Dr. Devi Shetty had moved into the Manipal Hospital from Kolkata almost at the same time as I did in 1997. We would sit together and ponder over the limitation we had. In 2001, he moved out to build the Narayana Hrudayalaya. Though restless, I continued in my comfortable job.
“In 2003-04 came the tipping point when I decided to take the plunge and start my own hospital, which finally came up as part of the Health City. The greatest attraction to join Health City was its low-cost model.
“My vision for Sparsh Hospital was to create a model of delivering state-of-the-art healthcare to as many people as possible.”
“How did you evolve as a leader from being a great surgeon to medical entrepreneur? What are the top three key lessons from the first five years as an entrepreneur?”
“Leadership, I believe, has to be a part of any surgeon’s personality. A surgeon has to build a rapport with the patient, earn the confidence and build a reputation. In the operating room he has to take charge and put together a team of anaesthetists, assistants, scrub nurses and many others. He has to carry the responsibility of the outcome of the entire team’s work. I believe these are the very same qualities that will need to be amplified for a successful entrepreneur.
“One has to learn the art of multi-tasking and at the same time compartmentalising different aspects of the business of running a medical establishment. There is a very thin line between what is necessary equipment for patient care and luxury for medical personnel. Being a specialist has helped me minimise wasteful expenditure.
“The highest standard of ethics has to be spoken and practiced unflinchingly by the leadership. It creates an atmosphere of purity in thought and clarity of action amongst all the employees. This in turn is palpable to visitors — patients, their relatives, suppliers and associates. This forms the greatest asset; your brand. Trust is the all-important attribute in the healthcare industry. The choice of team makes all the difference. I have always preferred honesty over efficiency, candour over subordination and the opinionated over submissive individuals.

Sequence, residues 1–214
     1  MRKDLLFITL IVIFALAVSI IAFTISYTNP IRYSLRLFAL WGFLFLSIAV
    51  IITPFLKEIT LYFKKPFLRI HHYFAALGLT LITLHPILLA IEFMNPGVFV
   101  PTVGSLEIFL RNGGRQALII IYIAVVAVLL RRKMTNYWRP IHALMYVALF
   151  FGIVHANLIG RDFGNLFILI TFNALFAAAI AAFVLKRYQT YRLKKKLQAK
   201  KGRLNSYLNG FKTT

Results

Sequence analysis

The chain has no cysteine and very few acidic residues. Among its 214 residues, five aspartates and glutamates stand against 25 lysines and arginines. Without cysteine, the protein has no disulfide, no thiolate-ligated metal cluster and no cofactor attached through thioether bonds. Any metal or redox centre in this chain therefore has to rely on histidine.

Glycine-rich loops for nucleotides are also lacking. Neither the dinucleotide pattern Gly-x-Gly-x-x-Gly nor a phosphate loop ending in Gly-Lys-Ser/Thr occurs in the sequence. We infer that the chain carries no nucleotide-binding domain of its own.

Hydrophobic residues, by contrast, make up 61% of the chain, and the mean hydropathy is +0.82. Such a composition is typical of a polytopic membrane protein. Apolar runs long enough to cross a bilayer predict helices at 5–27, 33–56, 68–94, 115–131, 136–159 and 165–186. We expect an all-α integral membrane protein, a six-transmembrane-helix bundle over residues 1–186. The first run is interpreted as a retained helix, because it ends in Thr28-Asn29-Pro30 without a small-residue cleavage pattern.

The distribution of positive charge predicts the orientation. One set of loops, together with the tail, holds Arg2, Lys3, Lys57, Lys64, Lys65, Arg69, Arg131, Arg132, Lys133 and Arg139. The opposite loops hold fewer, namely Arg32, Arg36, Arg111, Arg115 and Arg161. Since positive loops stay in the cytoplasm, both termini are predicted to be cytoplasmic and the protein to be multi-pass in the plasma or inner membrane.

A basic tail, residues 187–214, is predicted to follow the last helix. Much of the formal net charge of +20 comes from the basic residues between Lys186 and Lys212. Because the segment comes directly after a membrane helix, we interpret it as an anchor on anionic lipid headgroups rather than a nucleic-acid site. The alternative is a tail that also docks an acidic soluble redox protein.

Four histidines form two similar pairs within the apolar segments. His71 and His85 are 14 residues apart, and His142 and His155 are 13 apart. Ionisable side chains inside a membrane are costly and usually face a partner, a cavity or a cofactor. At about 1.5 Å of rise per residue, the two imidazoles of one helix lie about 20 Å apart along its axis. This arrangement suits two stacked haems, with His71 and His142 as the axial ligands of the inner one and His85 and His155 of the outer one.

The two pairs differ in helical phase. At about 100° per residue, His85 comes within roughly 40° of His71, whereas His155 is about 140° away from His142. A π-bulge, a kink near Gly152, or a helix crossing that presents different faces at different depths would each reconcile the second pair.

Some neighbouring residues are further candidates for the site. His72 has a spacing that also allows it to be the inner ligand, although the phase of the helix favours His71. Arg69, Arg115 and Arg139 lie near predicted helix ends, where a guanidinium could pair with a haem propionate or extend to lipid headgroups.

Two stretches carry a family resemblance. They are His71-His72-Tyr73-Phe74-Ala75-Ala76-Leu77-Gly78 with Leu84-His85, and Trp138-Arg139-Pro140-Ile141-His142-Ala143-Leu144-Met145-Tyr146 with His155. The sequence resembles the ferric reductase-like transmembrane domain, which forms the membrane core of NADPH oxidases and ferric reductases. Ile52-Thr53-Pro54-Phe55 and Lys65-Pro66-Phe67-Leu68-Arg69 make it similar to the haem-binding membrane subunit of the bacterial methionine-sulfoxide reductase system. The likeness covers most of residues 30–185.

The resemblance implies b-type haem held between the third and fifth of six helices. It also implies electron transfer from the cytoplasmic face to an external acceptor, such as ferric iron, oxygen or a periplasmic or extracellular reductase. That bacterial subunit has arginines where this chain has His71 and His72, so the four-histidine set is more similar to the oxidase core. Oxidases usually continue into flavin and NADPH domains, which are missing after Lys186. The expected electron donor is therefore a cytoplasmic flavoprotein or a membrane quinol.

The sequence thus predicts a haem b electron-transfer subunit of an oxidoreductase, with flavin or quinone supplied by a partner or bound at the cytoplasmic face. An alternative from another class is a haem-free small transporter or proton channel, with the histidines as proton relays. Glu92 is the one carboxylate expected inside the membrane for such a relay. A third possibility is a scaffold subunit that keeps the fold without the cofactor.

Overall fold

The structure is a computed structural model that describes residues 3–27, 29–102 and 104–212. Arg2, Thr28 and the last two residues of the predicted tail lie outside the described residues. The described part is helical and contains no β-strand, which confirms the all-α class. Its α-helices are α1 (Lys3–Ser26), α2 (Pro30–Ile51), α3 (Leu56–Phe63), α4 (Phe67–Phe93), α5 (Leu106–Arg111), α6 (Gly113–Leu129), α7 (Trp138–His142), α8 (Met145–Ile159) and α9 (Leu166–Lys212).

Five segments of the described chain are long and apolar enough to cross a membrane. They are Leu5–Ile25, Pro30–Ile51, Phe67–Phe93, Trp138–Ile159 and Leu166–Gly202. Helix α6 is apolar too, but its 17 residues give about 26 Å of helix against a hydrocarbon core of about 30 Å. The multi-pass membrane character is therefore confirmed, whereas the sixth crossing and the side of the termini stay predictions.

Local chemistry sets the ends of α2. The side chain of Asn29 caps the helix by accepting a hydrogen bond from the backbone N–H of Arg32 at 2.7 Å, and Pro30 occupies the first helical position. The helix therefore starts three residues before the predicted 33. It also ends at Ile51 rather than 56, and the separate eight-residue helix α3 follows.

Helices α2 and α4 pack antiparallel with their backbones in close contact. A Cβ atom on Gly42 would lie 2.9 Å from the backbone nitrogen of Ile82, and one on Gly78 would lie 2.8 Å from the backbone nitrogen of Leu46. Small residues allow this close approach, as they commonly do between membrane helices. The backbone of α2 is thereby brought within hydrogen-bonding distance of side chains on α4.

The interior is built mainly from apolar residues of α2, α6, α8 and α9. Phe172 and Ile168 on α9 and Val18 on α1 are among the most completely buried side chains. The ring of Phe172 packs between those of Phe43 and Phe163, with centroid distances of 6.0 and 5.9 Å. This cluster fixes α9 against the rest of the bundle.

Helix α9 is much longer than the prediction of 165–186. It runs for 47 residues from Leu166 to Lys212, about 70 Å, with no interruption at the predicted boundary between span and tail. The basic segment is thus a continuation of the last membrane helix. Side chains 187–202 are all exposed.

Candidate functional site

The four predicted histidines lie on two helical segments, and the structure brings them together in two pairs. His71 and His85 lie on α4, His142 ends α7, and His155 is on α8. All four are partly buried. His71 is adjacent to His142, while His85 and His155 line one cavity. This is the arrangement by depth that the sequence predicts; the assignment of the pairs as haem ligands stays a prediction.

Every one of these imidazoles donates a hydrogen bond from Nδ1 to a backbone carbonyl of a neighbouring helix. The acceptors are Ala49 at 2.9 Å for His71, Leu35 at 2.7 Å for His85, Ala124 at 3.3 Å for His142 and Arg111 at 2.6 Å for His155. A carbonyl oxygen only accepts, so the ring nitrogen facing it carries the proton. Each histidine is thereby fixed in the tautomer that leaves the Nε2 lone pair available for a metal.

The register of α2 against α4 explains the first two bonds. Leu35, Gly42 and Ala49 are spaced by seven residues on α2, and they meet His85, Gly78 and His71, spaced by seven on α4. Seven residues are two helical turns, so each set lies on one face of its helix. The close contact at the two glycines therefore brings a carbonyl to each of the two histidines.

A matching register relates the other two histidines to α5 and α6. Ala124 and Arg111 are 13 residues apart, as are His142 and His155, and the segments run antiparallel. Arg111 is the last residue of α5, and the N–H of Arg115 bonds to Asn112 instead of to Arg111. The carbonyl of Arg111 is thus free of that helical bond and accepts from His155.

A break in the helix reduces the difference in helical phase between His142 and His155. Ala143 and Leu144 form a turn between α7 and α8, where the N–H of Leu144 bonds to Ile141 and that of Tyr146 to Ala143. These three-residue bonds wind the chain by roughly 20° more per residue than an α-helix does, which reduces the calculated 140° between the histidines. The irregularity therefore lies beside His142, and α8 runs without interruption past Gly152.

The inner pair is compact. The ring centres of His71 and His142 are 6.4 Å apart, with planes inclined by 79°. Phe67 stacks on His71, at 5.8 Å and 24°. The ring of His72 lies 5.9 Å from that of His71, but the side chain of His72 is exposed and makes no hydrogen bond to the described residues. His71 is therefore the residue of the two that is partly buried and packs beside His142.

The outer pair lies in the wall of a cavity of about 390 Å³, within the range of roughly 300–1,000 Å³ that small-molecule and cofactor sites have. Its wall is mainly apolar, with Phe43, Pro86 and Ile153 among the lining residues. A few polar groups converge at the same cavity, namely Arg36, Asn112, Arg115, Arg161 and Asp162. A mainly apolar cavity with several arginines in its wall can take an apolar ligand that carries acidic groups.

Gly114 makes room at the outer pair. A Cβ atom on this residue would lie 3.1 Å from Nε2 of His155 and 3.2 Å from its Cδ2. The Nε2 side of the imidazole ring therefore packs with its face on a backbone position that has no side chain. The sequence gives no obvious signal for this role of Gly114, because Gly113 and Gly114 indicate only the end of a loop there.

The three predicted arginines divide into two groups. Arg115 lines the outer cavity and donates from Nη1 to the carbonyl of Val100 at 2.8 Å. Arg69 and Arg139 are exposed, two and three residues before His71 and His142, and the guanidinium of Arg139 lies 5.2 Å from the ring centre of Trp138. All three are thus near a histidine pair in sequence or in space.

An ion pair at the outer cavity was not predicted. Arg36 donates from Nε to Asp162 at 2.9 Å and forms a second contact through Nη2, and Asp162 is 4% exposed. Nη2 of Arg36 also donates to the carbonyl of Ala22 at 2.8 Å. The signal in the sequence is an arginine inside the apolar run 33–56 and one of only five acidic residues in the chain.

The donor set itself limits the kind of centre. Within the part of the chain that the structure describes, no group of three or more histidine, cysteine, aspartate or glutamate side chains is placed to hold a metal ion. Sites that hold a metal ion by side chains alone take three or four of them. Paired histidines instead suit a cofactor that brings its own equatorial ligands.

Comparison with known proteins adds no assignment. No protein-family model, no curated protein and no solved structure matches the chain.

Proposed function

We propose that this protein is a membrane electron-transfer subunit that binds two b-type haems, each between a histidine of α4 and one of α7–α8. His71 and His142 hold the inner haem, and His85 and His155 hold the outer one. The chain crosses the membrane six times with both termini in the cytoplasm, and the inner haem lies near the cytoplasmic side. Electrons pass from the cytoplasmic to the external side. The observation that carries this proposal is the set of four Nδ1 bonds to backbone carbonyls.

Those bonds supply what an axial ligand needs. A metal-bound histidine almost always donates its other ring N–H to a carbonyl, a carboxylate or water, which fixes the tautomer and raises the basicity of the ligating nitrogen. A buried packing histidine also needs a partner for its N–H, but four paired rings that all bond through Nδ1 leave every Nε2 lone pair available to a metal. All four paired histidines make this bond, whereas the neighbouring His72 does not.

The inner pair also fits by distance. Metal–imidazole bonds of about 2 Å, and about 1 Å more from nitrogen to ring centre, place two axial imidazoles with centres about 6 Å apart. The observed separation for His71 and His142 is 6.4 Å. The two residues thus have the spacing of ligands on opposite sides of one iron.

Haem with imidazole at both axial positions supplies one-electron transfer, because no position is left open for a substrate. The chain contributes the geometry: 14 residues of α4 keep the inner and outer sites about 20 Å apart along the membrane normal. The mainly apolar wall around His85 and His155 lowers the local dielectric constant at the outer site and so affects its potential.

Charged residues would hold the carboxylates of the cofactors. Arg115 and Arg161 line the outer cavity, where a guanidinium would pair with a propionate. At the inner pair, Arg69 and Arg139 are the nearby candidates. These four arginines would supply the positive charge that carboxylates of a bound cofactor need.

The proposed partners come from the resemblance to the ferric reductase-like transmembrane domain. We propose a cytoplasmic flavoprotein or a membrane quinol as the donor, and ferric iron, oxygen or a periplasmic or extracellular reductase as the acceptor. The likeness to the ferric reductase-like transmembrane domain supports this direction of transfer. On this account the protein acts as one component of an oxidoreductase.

“We must be transparent and not hesitate to ask for help. You need to have expertise and professional inputs in the areas of specialisation and that includes finance if you want to build an enterprise.”
In the time since Sparsh came into being in 2006, the doctors there have done over 10,000 procedures, 80 percent of them on wheeled-in trauma victims. Unlike many other businesses, Patil does not choose the customer, the time and shape of arrival. I want to know, how does one maintain motivation to deal with life each time it is at its very worst?
“I started by settling the most important issue in my own mind: Who is it for? I told myself and then others that we are creating a patient-centric hospital. That led to a culture of responsibility and compassion. At Sparsh, we seek academics and accreditation of our work against the best in the world. We recognise and appreciate the efforts by individuals. A place like ours must constantly focus on creating a team and involving people in decision making; in empowering. Responsibility without power is no equation.”
In the past few years, Patil and his team have expanded into two hospitals. They’ve been reaching out to the hinterland and seeking out crippled children in distress and retired teachers through annual events called Sparsh Vachana and Guru Namana. Every year, dozens of world renowned doctors fly in at their own expense and provide their services for these two events at no cost.
We shake hands and I am about to step out of the hospital. I ask Patil one last question. What is Sparsh all about? “Hope, Faith and Love,” he says. “They come to us with hope. We must create the faith in them that we will attend to them, we will do our best and we must do so with abiding love for the work we do.”
Subroto Bagchi is co-founder & gardener, MindTree and a best-selling author. His brief: Every fortnight, exchange tales of the road with successful entrepreneurs